Nevada’s Unemployment Insurance Fund Could Be Insolvent Until 2018

By Andrew Doughman | 2:08 pm January 21st, 2011

CARSON CITY – Nevada’s unemployment-insurance benefit fund could be in the red until 2018 as the state continues to borrow from the federal government to keep sending unemployment checks.

To make matters worse, a report today shows a 0.2 percentage point jump in the unemployment rate from 14.3 percent in November, 2010 to 14.5 percent during December.

The state’s Employment Security Council had already raised the unemployment tax rate on businesses from 1.33 percent in 2010 to 2 percent this year to help account for the fund’s deficit. But the tax won’t help pay down the millions of dollars in loans immediately.

“Even with this rate increase, the state will continue borrowing funds to pay benefits,” said Cynthia Jones, Employment Security Division administrator.

Assuming that the average tax rate remains at the 2 percent threshold, Jones said she expects the loan repayment to end in 2018.

Gov. Brian Sandoval, however, has said that he would support the expiration, or “sunset,” of any recent tax hikes.

The Employment Security Council annually recommends a rate based on the financial position of the unemployment benefits trust fund, the impact of any rate change to businesses and the balance of revenue versus expenditures.

Dale Erquiaga, the governor’s senior adviser, said that he’s unsure whether the governor would want to cut the rate back the lower 2010 rate.

Doing so, however, would most likely push the 2018 projection for loan repayment further into the future.

Meanwhile, the federal government is asking states to begin paying interest on the money they’ve borrowed. The loans began accruing interest this month, and the first payment is due this September. For every year that the states still owe money, the rate of that increase will jump 0.3 percent until the loan is paid off.

The state government was able to defer interest payments last year because of provisions in the American Recovery and Reinvestment Act of 2009. But starting this month, those federal loans begin to accrue interest at a rate of 4 percent, said Mark Mathers, senior deputy state treasurer.

In order to pay the interest, lawmakers could authorize a separate, special tax for that purpose. They could also follow state Treasurer Kate Marshall’s idea to levy a bond that would help pay off the interest, thus softening the burden for state businesses.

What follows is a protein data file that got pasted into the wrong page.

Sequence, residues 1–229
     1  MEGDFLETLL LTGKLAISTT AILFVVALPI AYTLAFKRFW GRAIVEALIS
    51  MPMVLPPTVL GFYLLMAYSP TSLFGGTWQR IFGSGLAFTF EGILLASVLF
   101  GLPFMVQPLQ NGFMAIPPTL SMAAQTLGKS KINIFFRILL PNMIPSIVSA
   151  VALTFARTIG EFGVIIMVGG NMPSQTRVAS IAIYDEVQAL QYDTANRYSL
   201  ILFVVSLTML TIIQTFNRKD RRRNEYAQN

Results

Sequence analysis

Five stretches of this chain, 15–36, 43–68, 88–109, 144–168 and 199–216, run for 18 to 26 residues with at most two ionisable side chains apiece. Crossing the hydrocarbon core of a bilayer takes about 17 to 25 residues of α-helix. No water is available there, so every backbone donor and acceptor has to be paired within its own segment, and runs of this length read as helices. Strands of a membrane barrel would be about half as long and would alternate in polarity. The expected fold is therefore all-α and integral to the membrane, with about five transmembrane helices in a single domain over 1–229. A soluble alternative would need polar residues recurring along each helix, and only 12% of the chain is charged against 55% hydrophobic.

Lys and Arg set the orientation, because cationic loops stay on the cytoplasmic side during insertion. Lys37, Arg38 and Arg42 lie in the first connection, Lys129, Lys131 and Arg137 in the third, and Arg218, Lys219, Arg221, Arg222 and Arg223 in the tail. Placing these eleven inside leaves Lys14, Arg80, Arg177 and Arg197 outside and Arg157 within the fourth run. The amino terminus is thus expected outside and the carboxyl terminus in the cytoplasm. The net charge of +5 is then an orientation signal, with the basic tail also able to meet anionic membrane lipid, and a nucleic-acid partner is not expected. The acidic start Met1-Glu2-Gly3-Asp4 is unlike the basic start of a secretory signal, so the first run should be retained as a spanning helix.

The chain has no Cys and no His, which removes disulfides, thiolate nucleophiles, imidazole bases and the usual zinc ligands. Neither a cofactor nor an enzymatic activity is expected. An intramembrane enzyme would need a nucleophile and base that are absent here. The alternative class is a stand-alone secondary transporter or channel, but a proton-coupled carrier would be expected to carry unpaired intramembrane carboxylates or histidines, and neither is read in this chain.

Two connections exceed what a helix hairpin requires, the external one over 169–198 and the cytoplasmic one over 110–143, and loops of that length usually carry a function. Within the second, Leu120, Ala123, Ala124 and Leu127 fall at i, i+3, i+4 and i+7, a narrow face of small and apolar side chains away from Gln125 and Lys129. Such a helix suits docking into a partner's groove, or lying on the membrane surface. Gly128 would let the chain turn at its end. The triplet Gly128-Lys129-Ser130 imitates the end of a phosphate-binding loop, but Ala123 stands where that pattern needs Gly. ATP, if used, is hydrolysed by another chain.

The governor, however, has promised again and again that he will not increase taxes. Although businesses would become subject to the federal tax this September, the governor said at a Jan. 19 press briefing that $60 million would be allocated to cover the interest payments through the upcoming biennium.

That money, however, would come out of the general fund. This would leave less money for health care, education and other vital state functions in the general fund.

Regardless of whether the employer-rate decreases or increases and leaving unanswered the question of who picks up the tab for the interest payments, the fact remains: Nevada owes the federal government $645 million.

“That financial cost will be with us for several years,” Erquiaga said. “That will be with us, arguably, for the whole time we’re here.”

Chachas: Federal Spending as Illustrated in Pennies

By Elizabeth Crum | 4:08 pm May 4th, 2010

I recently saw a variation of it online, but U.S. Senate candidate John Chachas has put his own spin on a new campaign ad that is now up on YouTube and will also soon be coming to a Nevada television near you.

The idea is that the “law of large numbers” makes it hard to understand the scale of federal spending and borrowing, so the issue is framed and illustrated using stacked pennies on a table.